Now, we arrive at the heart of the closing: two phases that correspond to two attendee needs.
The first phase is looking inward. Schedule time for attendees to reflect individually and collectively upon what happened during the conference and why it matters. This is an opportunity for them to bond as a group one last time, prepare to say good-bye and retake their place in the world.
You can help attendees look inward by:
• Recalling why everyone came together—the conference’s purpose.
• Reminding them about common themes discussed in sessions or messages delivered during keynotes.
• Asking audience members what is making an impact or sticking with them.
The second phase is turning outward. Prepare attendees for separation and reentry—parting from each other and retaking their place in the world. Parker calls this “helping attendees find a thread to connect the world of the gathering to the world outside.”
Help attendees figure out what they want to bring back to their other world by:
• Asking several of them to share how they’re going to apply the information they received, change their behavior, or turn ideas into action.
• Doing this exercise in breakout rooms if you have a small enough group.
• Taking a pledge on what they will do differently moving forward.
• Declaring their intentions on a public wall.
• Writing a letter (or email) to their future self.
• Giving out party favors that transform an impermanent moment into a permanent memory, for example, a journal or workbook.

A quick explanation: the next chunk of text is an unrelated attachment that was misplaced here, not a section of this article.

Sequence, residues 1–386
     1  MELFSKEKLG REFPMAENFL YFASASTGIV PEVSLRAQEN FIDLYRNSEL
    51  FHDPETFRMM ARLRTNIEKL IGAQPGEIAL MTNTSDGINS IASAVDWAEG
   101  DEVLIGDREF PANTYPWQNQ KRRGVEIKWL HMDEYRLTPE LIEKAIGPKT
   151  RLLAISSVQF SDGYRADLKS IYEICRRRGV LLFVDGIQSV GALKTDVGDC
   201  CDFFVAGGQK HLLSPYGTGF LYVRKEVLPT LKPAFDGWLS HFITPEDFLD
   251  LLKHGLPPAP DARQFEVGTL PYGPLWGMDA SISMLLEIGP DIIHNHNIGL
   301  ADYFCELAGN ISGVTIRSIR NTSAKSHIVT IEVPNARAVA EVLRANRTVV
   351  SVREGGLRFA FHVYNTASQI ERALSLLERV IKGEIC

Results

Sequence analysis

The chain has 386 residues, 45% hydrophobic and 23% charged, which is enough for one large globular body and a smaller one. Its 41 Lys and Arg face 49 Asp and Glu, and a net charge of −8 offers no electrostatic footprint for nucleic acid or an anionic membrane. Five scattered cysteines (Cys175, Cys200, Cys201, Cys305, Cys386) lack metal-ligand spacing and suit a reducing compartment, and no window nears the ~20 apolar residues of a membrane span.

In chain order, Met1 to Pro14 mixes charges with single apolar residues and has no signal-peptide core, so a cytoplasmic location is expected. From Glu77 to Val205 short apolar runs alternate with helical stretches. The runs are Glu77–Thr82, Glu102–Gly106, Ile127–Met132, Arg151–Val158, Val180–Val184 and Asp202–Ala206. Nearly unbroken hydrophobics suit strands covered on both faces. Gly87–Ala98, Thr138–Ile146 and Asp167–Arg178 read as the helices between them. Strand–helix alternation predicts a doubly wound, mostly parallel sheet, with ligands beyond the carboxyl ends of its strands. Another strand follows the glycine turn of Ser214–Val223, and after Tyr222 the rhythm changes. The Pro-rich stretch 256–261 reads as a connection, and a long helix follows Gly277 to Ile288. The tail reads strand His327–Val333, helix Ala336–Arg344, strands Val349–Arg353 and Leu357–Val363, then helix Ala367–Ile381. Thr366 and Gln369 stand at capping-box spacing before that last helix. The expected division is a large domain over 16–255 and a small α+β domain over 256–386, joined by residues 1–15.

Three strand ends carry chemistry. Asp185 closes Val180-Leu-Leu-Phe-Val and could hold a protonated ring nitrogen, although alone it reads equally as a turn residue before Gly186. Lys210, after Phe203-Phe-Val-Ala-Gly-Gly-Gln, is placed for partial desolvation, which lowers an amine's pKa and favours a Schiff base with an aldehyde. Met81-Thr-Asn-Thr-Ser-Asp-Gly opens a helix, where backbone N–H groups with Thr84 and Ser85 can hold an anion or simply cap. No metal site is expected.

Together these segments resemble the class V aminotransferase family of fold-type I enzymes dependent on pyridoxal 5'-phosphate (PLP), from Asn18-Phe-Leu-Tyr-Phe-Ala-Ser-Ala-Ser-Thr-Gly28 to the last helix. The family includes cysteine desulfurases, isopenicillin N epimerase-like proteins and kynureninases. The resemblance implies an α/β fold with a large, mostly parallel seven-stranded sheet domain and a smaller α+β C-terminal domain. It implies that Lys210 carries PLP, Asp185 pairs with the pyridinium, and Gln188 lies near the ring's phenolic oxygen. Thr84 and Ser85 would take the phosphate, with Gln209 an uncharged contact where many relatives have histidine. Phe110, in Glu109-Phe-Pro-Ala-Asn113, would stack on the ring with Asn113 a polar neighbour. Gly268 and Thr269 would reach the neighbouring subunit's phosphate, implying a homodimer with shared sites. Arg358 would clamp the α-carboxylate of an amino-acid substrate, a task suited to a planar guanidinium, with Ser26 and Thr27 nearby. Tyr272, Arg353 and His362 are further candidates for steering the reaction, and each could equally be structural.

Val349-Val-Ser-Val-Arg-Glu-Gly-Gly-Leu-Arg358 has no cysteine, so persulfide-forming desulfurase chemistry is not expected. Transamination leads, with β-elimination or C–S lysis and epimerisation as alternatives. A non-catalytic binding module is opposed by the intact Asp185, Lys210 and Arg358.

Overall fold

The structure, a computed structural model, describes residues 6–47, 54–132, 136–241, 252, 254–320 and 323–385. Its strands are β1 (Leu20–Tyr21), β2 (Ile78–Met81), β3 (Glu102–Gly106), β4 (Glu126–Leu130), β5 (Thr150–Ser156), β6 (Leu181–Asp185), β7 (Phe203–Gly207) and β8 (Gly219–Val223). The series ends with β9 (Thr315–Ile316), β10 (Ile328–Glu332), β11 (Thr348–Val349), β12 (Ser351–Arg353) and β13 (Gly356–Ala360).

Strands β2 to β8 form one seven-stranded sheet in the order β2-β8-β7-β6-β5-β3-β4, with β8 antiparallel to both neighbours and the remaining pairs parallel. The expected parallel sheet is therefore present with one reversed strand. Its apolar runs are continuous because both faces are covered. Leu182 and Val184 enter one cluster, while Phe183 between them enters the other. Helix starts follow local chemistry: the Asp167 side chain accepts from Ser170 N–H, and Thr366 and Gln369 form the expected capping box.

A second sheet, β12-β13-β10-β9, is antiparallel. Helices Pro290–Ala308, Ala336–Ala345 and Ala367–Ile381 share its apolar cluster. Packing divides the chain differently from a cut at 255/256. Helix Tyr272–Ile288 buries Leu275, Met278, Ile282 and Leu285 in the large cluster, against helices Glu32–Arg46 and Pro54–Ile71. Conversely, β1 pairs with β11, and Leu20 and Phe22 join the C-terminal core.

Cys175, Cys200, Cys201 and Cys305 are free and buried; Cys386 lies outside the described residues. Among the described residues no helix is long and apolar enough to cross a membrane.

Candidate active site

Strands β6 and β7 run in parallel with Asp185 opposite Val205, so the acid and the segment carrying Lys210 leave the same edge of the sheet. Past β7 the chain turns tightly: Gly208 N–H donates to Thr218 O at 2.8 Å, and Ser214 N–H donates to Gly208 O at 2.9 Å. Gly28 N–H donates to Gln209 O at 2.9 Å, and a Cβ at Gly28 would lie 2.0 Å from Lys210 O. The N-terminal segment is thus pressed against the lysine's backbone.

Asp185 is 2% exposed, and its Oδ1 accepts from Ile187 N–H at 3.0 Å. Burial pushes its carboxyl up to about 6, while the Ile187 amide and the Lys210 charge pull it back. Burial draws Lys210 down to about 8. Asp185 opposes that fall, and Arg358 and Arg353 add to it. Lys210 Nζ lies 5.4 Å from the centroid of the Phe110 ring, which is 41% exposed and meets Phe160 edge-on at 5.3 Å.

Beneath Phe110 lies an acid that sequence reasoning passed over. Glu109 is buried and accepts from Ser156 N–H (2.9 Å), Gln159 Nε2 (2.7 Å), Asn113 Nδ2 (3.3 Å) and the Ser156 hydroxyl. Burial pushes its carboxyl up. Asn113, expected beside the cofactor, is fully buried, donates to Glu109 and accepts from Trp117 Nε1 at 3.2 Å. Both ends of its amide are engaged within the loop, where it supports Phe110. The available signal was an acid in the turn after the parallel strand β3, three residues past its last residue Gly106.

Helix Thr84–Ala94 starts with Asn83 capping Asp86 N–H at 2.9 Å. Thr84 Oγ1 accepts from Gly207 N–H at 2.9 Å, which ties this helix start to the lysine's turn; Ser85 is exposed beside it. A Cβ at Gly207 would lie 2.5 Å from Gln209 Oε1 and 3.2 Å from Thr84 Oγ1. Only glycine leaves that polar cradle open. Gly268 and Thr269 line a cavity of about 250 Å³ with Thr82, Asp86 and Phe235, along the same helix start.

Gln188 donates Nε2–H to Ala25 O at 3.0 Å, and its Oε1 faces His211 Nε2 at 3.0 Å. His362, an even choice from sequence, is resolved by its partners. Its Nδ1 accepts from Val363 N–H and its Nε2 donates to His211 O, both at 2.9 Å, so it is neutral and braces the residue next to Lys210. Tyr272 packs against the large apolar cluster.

You could prime attendees ahead of time for this exercise by asking presenters to take a few moments at the end of their session to discuss how attendees can apply new information.
Ask volunteers to lead accountability groups for different attendee segments—career stages, specialties and/or locations. Include this announcement in the housekeeping portion of the program.
Parker says closings are powerful moments of memory-making. Ending well is a crucial way to cement the feelings and ideas you want attendees to take with them.
A good closing at ASAE TEC
Most of the virtual conferences I attended this year stopped without a satisfying closing. ASAE TEC surprised me—and maybe surprised itself.
It ended with PivotFest, a panel of technology partners moderated by Reggie Henry, Chief Information and Engagement Officer at ASAE. The panelists recalled how their companies and association clients pivoted during the pandemic. This closing session probably would have felt the same as all the other conferences, but something unexpected happened.
Reggie described how inspired he was by the association community’s response to the pandemic. One of the panelists, Dave Coriale, president of DelCor Technology Solutions, pointed out how appropriate it was for a technology conference to end with Reggie talking about the heart of our community—the people. Reggie got a bit emotional thinking about that—and the chat box took notice in both a kidding and caring way.
This closing felt different. Reggie reminded us how far we’ve come as a community and how much the people element of technology matters. The conversation connected to our emotions. I admit my eyes misted up and I felt that warm sense of community you get when (virtually) surrounded by peers. It wasn’t a perfect closing per Parker’s definition, but it provided a sense of closure I hadn’t felt at other conferences.
Keep these words of Parker in mind when planning your next virtual conference: “Gatherings crackle and flourish when real thought goes into them, when (often invisible) structure is baked into them, and when a host has the curiosity, willingness, and generosity of spirit to try.”